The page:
In 2006, I spastically danced in clogs to Taylor Swift's self-titled album as I belted along to “Our Song” and “Picture to Burn.” Since then, I have been nothing short of a committed fan through her exodus of self-exploration with albums featuring songs: “Breathe,” “Never Grow Up,” “Begin Again," “Clean” and “End Game.” I taped pictures of her to my middle school locker, and I cried when Santa Claus magically knew that tickets to her Speak Now concert were my dream come true.
Now you know you are reading the highly biased opinions of a true “Swiftie,” so feel free to take my thoughts on her latest album with a grain (or heap) of salt.
The eras of Swift have deepened my appreciation for her artistry and her ability to connect with heart-broken, soul-searching and hopeful listeners. Her latest album, Lover, has only emphasized my adoration for a voice that can resonate with many. Adopting a dazzling daydream aesthetic, “Lover” is a soundtrack that evokes badass energy and self-reflection.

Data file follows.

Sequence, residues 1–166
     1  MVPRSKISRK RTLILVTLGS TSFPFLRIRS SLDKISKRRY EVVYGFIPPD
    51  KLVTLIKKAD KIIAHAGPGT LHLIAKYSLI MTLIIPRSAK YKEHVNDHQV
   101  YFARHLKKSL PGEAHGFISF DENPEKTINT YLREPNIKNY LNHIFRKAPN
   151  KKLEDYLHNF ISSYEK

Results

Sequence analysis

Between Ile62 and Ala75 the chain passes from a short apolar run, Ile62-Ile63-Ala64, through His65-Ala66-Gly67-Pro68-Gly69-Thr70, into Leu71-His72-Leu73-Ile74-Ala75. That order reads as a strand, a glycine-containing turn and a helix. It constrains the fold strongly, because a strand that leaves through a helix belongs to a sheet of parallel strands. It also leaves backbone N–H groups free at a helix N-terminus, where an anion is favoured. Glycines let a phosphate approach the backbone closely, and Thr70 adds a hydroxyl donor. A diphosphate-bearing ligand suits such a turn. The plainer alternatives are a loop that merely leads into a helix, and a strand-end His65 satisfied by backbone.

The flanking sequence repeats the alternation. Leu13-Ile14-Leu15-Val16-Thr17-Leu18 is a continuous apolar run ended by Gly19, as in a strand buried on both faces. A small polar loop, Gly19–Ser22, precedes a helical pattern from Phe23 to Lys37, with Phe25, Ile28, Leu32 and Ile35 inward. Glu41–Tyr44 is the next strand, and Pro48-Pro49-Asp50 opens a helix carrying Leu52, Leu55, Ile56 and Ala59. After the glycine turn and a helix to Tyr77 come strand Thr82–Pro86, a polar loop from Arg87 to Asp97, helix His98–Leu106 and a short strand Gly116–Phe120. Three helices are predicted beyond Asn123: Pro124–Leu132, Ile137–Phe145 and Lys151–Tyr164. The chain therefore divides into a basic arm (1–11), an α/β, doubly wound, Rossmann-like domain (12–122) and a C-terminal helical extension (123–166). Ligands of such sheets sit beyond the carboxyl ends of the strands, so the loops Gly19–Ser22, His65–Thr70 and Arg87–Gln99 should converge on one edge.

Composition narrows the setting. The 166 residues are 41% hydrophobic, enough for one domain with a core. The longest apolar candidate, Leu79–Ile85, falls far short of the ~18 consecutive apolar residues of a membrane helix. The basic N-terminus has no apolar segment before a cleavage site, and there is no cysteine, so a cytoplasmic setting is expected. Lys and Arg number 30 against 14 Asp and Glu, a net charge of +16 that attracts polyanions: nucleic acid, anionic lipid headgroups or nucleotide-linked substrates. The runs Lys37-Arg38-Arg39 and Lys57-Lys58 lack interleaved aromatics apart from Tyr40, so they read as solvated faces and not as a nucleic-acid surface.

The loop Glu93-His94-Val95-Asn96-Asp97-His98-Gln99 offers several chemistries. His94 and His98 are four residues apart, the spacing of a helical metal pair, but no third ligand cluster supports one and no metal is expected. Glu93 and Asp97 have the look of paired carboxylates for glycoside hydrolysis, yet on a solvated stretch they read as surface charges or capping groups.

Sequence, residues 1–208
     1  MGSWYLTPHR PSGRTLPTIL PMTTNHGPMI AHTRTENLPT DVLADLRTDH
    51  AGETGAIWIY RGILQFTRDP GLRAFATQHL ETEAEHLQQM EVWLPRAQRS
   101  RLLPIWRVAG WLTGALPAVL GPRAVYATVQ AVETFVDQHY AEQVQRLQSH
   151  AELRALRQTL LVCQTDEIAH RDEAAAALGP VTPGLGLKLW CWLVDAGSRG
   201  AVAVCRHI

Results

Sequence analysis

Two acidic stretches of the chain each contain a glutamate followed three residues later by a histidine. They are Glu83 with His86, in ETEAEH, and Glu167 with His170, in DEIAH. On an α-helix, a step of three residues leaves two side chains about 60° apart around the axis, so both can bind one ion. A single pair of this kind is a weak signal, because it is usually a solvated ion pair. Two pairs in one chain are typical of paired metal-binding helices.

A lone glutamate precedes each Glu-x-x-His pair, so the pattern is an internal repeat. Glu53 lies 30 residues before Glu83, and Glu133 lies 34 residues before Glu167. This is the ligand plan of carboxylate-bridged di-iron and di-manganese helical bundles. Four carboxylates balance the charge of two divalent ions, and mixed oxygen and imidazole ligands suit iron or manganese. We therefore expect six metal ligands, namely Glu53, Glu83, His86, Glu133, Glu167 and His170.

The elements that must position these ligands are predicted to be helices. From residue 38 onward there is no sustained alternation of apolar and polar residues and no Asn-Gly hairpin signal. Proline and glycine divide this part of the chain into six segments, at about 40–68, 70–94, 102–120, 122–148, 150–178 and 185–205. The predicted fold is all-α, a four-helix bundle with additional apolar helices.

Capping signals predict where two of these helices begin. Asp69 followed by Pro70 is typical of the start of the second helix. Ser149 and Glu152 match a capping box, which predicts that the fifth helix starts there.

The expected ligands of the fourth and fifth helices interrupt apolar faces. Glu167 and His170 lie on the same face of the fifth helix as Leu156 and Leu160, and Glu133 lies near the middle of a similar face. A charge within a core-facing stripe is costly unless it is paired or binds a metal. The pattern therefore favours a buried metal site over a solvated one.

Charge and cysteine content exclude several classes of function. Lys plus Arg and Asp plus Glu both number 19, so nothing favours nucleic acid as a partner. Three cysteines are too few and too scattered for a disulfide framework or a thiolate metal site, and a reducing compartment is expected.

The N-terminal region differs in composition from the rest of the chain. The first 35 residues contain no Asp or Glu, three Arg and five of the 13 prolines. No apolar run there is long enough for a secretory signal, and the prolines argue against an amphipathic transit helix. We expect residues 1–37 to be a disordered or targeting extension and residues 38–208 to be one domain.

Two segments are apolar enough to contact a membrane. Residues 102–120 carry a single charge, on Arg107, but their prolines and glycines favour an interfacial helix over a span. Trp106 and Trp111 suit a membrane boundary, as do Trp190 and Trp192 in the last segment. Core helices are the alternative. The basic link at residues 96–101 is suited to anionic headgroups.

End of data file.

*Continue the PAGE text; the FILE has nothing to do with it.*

Swift extends an invitation to enter a magical realm where it is acceptable to emote hope, pain, desire and an abyss of confusion that muddles the heart. The breadth of her album speaks to an array of life experiences that are akin to a rollercoaster, and Swift paints this ride using pastels, shiny things and a sentiment that love is all prevailing.
Her album has been my antidote during a time of personal hardship. “Soon You’ll Bet Better” was the last song I listened to before hearing news of my uncle’s passing. Cancer took his life, as it threatened to do to both of Swift's parents. Her words are heavy with pain and a sense of accompanying hope — a necessary garment of grievance.